January 19, 2010
Pilots: U.S. and Canada Must Shift to
Trust-Based Aviation Security
ALPA White Paper Frames New Approach to Enhance Aviation Security and Improve Travel Experience
WASHINGTON – The Air Line Pilots Association, Int’l (ALPA), is calling for improvements in the aviation security screening system that will allow trustworthy passengers to be promptly cleared through security, while focusing much greater resources on those whose trustworthiness is unknown or in doubt.
“We’ve learned that if there’s a will, there’s often a way to do harm, yet we still screen everyone essentially the same way and spend most of our security resources looking for objects, not indications of hostile intent,” said Capt. John Prater, president of ALPA. “Identifying trustworthy individuals is critical, so that more time and scrutiny can be given to those passengers about whom little is known and to those who may intend to do us harm.”
In a white paper released today, titled “Meeting Today’s Aviation Security Needs: A Call to Action for a Trust-Based Security System,” ALPA calls for identifying the trustworthiness of each passenger through a combination of publicly available information, human interaction, and behavior-pattern recognition.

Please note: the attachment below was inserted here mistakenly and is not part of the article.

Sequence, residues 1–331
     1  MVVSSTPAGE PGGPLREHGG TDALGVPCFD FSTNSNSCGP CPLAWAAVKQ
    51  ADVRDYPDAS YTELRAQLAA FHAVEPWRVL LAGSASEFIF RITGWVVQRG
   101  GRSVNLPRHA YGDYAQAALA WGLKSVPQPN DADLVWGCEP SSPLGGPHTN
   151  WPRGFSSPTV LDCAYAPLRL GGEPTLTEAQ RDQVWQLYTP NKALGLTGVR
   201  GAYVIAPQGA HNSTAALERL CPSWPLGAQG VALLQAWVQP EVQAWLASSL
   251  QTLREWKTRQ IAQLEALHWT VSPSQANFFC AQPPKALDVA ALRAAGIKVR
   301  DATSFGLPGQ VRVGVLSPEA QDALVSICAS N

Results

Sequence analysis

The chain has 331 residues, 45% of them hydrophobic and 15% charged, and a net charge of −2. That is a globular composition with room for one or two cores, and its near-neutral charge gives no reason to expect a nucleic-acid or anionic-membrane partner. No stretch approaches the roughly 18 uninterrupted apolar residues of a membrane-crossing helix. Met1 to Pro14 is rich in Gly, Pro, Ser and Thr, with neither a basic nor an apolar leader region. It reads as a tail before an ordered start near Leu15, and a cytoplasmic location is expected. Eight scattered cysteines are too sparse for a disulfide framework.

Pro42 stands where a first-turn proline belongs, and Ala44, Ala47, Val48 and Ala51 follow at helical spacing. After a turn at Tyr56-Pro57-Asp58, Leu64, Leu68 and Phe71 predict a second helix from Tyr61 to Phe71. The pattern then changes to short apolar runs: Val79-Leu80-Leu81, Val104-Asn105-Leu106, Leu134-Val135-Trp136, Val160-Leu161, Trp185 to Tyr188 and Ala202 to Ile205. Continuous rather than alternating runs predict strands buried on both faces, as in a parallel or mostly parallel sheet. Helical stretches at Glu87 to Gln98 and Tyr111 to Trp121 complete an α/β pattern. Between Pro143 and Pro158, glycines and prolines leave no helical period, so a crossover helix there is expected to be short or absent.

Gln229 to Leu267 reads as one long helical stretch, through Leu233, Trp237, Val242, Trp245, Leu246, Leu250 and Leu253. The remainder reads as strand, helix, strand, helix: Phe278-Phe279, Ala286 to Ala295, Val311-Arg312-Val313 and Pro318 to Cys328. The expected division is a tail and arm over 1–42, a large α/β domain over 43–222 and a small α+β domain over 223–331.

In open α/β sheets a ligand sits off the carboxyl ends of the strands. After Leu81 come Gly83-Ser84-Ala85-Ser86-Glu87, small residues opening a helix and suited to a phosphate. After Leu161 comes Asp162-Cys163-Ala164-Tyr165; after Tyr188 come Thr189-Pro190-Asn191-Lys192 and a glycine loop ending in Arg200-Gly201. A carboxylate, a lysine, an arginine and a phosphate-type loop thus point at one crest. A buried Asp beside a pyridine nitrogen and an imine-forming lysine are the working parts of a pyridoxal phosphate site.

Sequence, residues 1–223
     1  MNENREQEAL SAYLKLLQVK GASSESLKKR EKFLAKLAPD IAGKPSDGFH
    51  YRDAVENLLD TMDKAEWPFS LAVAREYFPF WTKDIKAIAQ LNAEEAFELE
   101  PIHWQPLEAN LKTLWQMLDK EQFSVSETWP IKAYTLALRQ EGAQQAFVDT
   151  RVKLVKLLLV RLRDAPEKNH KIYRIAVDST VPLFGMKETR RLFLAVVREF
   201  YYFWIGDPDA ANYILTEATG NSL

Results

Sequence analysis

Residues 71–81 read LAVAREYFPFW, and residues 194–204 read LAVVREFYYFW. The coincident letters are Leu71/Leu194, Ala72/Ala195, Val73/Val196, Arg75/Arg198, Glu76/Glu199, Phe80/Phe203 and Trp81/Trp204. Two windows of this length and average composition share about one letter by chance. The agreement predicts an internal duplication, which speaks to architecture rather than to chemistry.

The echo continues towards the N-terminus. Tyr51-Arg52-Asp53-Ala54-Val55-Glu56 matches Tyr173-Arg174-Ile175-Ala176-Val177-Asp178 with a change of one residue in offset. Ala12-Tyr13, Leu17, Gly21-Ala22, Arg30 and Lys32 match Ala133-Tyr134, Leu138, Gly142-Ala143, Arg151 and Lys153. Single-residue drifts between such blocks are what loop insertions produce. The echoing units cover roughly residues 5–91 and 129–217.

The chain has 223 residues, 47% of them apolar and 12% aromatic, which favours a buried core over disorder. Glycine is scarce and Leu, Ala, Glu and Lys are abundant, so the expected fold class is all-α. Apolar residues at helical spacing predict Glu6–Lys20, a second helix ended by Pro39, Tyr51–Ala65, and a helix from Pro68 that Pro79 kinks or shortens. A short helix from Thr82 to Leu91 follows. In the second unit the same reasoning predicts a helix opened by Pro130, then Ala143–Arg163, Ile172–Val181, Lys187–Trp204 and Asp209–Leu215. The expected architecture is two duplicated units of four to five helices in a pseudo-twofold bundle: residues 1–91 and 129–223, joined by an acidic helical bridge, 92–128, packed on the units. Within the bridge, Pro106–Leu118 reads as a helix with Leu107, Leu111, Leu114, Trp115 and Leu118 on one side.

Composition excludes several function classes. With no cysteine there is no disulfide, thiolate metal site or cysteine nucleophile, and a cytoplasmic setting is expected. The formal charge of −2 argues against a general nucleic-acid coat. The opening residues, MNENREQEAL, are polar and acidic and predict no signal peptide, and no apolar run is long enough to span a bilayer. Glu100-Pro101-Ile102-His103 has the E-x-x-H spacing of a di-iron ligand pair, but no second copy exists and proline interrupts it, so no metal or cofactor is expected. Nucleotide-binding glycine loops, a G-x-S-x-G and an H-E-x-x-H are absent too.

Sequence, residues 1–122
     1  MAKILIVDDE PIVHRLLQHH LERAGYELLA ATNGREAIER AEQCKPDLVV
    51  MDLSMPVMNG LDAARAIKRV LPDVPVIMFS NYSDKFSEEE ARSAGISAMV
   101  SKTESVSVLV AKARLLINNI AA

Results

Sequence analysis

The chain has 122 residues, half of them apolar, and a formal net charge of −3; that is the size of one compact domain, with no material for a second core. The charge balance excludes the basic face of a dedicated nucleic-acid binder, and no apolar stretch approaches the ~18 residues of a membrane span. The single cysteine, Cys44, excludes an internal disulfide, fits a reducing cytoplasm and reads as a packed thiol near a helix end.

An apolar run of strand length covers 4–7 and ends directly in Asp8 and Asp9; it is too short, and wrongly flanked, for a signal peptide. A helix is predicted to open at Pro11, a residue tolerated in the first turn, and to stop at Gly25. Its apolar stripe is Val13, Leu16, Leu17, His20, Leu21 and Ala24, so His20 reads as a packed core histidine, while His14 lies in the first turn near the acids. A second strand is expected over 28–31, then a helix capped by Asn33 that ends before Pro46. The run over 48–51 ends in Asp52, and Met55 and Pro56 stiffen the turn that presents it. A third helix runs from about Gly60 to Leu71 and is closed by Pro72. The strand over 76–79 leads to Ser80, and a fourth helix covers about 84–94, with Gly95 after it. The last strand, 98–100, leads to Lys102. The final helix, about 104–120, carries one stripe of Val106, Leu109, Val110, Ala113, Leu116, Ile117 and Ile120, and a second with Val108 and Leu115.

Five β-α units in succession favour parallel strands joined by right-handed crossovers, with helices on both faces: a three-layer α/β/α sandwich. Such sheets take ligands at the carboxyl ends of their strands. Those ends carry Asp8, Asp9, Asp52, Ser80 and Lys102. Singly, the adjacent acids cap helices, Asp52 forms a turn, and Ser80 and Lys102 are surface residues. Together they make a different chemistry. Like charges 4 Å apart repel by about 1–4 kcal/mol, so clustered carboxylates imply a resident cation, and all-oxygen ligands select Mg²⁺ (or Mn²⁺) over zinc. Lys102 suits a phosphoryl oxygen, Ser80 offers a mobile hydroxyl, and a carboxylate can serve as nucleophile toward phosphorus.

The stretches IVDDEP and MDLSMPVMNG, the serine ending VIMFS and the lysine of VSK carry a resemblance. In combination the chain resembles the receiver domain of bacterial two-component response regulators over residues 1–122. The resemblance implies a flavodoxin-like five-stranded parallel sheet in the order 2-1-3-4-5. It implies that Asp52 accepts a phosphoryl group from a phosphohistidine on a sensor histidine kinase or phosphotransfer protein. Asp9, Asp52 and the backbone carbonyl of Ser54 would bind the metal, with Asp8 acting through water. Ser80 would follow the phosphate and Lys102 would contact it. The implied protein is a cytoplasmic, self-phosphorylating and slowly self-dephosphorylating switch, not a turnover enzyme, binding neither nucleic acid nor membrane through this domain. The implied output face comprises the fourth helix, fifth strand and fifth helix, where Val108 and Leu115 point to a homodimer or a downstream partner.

“The objects that can be used to cause harm are constantly changing, but the intent to do harm remains constant,” said Capt. Robb Powers, ALPA’s National Security Committee chairman. “A trust-based approach will, most importantly, create an even more secure air transportation system, but it will also limit privacy intrusions, leverage existing resources, and make screening more efficient.”
Collaboration among the government, airlines, and ALPA is essential to determining the specific means of putting a trust-based system in place. Actions must include examining ways to incorporate security into airport facility design, protect airport entrance points, address the “insider threat,” and guard against aircraft sabotage.
In addition, ALPA has played a key role in developing, and advocated for enhancing, other proven aviation security initiatives that will complement a trust-based approach. These initiatives include efforts to install lightweight and low-cost “secondary” barriers to protect the flight deck when the fortified cockpit door is opened, and to continue to foster the Federal Flight Deck Officer program in the United States, which now includes many thousands of trained, armed pilots protecting the flight deck with lethal force. ALPA also has underscored the stark difference between the security of passenger flight operations and that of all-cargo operations and calls for improving all-cargo security.
“Airline pilots feel a profound obligation to safeguard the 800 million passengers and millions of tons of freight we fly each year,” continued Prater. “ALPA looks forward to working with government and the airlines in what must be an expeditious and collaborative effort to better safeguard our passengers through a trust-based system of aviation security.”
Founded in 1931, ALPA is the world’s largest pilot union, representing more than 53,000 pilots at 37 airlines in the United States and Canada. Visit the ALPA website at www.alpa.org.
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